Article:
What Games Do the Royal Family Traditionally Play Together on Christmas Day?

Queen Elizabeth II will have a quiet Christmas this year as she fits in with U.K. coronavirus rules—but royal tradition has plenty of ideas to keep the family entertained.

Decades of royal history have seen the Queen lead children, grandchildren and other relatives in a series of games.

The monarch gets her presents a day early on Christmas Eve and is famous for preferring cheap, funny gifts to anything serious.

However, the royals are also big on games with the most popular being charades, in which participants take it in turns to act out the names of famous books, films and songs.

However, there are other parlor games the royals have been known to play that could liven up a family Christmas with little chance for seeing relatives.

Royal biographer Duncan Larcombe told the Daily Express: "Parlor games, charades, that all comes from Queen Victoria, and they absolutely carry on those traditions and games."

Queen Elizabeth II Christmas Day Speech
Queen Elizabeth II sits at a desk in the 1844 Room at Buckingham Palace, as she records her Christmas Day broadcast to the Commonwealth at Buckingham Palace, London. Sky News/Getty

Charades

Charades, the most famous of the parlor games, involves players acting out a pre-chosen film, book, song, play, TV show, or famous phrase picked from a hat.

Players form into two teams, writing down a series of phrases from the different categories, on bits of paper that the other team will have to act out.

Participants take it in turns to pick a piece out of a hat, which they must then act out for the rest of their team to guess.

The player performing cannot talk but can use recognized hand signals to indicate which category, the number of words in the phrase and the number of syllables.

They must then act out either the full phrase, specific words within the phrase, or specific syllables.

For example, a contestant challenged to perform The Crown, might mime putting a crown on their head and waving in the style made famous by the Queen.

A player who drew The King's Speech might choose to act out "king" and "speech" with separate mimes.

The Name Game

The Daily Mail reports Queen Elizabeth II is particularly fond of a tradition known to the royals simply as "The Game" and more widely as "The Name Game."

Players must write the names of famous people on Post-It notes before each player picks one out of a hat and sticks it to their forehead without looking.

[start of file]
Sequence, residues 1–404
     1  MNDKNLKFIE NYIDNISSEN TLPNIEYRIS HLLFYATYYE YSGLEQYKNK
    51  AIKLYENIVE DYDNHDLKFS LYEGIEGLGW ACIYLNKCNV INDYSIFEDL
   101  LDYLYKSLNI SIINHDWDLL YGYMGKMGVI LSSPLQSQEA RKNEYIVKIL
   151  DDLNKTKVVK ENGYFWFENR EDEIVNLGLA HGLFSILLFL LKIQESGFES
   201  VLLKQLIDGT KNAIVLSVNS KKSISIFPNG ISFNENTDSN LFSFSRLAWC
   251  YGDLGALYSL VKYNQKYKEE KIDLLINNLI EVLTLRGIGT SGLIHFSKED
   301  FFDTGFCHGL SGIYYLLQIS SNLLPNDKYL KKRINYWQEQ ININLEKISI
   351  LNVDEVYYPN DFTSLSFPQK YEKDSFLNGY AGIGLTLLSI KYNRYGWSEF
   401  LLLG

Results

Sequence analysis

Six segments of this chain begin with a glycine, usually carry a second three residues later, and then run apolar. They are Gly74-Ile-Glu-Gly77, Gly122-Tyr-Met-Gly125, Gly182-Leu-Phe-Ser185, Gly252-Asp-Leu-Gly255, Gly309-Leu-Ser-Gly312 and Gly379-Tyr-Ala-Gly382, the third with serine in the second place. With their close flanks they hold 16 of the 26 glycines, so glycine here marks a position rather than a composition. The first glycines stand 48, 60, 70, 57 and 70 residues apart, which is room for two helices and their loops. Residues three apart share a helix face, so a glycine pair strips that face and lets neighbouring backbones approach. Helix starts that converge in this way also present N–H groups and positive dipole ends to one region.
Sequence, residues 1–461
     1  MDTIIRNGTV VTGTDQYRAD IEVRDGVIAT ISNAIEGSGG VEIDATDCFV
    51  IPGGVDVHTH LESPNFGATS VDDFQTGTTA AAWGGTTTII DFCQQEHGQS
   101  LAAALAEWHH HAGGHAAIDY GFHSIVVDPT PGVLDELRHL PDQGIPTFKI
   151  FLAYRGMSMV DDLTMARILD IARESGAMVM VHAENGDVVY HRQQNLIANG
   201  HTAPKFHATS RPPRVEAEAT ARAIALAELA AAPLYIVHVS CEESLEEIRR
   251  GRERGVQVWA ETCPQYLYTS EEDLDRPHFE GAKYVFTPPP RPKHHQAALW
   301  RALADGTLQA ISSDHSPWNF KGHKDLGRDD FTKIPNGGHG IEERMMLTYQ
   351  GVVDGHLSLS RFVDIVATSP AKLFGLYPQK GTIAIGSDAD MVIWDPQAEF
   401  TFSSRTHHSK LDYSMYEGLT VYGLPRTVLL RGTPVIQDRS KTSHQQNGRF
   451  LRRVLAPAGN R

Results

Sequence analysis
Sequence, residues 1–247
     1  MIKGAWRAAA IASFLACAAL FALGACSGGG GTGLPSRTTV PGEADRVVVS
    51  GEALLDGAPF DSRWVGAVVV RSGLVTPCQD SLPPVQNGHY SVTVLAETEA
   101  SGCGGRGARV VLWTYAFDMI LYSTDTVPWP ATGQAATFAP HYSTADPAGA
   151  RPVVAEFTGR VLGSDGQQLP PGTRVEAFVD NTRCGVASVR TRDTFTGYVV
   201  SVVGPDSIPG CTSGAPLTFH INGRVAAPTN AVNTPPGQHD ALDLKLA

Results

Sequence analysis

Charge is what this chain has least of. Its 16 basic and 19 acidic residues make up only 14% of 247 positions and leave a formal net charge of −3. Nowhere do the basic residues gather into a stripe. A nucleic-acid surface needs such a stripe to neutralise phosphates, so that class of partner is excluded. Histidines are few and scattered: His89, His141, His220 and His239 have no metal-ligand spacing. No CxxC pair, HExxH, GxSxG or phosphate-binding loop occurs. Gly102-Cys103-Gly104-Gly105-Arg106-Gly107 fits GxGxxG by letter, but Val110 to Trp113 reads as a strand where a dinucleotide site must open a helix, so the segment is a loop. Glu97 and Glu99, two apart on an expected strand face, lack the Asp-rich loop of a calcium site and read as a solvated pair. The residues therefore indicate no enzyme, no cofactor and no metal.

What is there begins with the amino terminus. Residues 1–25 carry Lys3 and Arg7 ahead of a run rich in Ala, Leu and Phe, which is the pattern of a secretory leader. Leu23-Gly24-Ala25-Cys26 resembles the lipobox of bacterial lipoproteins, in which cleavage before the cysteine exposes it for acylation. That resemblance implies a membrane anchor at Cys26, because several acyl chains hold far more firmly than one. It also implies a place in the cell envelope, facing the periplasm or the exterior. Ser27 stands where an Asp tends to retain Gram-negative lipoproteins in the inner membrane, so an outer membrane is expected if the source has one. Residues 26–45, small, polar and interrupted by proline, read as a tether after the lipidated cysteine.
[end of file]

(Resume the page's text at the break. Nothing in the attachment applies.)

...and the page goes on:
Participants must then try to guess who is on their Post-It by asking yes or no questions to the other players.

The Daily Mail reports during one round the player who picked out Spice Girl Geri Halliwell was the only one to do badly.

Prince Andrew apparently recognized the handwriting on the note as belonging to the Queen herself, who the newspaper reported said: "Well, Geri Halliwell's a famous person, isn't she?"

The Crown's "Ibble Dibble"

There is also potential inspiration in fiction as The Crown shows the royals playing drinking game Ibble Dibble.

While there is no evidence the real-life royal family played the game themselves, it is real and could still liven up a family Christmas stuck indoors.

In the Season Four of the Netflix series, Margaret Thatcher is required to play but appears to stick out like a sore thumb.

Players are each assigned a number, starting with "One Ibble Dibble," and must take turns to "call" the other players, getting a black mark, known as a "dibble ibble," on their faces with a burnt wine bottle cork if they make a mistake.

When calling a player, participants must correctly name themselves, how many "ibble dibbles" they have, their friend's "ibble dibble" name and how many "dibble ibbles" their friend has, without pausing.

This might take the form: "Number one ibble dibble, with no dibble ibbles, calling number three ibble dibble, with two dibble ibbles."

Each mistake not only earns a new dibble ibble, but also requires the player to down their drink.

Accents

Elizabeth is said to be keen on accents and can speak convincingly as though she was from Liverpool, birthplace of the Beatles.

Larcombe said: "We know the Queen's great party trick is to mimic accents. The Queen might be a Scouser [person from Liverpool] for the day."

The Queen is thought to have picked up the ability from her dresser Angela Kelly, who is from the northern English city.

In 2007, Kelly told the Daily Telegraph: "We have a lot of fun together. The Queen has a wicked sense of humour and is a great mimic.

"She can do all accents—including mine."